On a good day I am a people person, not necessarily a super social person, but a people person.
I’ve always loved learning about other people, cultures, and times. When I arrive in a new place I usually take a few days to sit back, wander, and observe how things get done. How neighbors interact. How the rhythm of the place ebbs and flows throughout the day.
Knowing this, I find myself staring out my plane window, wondering why then I would be so fascinated by the one continent where people don’t live (save a few dedicated scientists that brave the long, dark winters).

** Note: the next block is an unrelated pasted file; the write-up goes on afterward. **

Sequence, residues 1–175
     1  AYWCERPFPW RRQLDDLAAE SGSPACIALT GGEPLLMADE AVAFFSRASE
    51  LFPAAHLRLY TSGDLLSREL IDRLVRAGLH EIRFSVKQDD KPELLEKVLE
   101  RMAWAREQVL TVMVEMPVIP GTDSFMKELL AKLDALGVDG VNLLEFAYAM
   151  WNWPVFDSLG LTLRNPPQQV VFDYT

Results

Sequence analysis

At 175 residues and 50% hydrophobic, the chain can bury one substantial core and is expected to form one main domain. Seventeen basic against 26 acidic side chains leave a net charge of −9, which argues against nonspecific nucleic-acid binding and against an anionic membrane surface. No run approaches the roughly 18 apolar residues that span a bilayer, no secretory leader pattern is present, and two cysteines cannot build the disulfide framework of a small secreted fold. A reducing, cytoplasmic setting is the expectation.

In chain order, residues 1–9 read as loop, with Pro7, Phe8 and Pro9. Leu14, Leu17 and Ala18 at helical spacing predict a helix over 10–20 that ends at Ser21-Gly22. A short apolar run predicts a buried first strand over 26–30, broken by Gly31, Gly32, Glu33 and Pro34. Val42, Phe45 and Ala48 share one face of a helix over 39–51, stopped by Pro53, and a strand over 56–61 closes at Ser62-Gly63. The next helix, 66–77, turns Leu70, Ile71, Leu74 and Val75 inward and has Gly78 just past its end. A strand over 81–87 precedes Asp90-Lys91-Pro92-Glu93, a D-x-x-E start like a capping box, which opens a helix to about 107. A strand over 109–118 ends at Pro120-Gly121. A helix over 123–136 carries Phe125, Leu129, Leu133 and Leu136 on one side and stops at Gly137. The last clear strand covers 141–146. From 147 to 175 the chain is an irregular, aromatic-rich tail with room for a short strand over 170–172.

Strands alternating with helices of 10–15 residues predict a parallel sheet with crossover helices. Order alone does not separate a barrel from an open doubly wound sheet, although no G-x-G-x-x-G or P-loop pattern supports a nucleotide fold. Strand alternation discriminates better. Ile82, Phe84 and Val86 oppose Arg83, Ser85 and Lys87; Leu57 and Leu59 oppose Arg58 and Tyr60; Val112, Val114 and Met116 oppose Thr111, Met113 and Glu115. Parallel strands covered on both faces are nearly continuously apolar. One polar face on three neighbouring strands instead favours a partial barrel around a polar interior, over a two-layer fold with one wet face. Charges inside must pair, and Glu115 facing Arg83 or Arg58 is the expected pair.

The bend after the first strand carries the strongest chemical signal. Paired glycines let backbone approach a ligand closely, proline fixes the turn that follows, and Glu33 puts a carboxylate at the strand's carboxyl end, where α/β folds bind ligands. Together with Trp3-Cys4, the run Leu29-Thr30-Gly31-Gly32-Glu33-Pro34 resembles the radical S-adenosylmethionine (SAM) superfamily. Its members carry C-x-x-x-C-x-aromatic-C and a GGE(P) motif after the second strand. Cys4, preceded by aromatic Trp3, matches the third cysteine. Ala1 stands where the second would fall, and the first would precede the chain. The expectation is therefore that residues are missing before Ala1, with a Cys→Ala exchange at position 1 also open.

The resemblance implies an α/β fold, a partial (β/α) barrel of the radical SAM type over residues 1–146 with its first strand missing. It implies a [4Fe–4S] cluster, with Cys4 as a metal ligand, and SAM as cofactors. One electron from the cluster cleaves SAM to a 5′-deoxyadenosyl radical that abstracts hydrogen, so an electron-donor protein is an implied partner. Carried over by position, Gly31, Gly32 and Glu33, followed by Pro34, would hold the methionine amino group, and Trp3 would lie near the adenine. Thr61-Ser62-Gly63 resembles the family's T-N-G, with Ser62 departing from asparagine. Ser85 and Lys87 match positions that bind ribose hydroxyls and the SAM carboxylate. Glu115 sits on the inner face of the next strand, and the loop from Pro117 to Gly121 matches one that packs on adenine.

This is my second trip to the frozen continent, and I think I am even more excited than my first time here. Perhaps because I have a better idea of what to expect this time around, which gives me a new opportunity to dig deeper and to look more closely at details I missed before. Perhaps because I never imagined making it here once, much less twice, and in some small way, twice gives you a special kind of micro-ownership over of place.
No longer will it be just a place I visited for a few days. I will be able to say that Antarctica is a place I have spent over a month, working, standing on its glaciers, and sailing through its waters. I will be able to join the small group of people that have just begun to know and love this place. The group of people that considered this uninhabited land home, for however brief the moment was.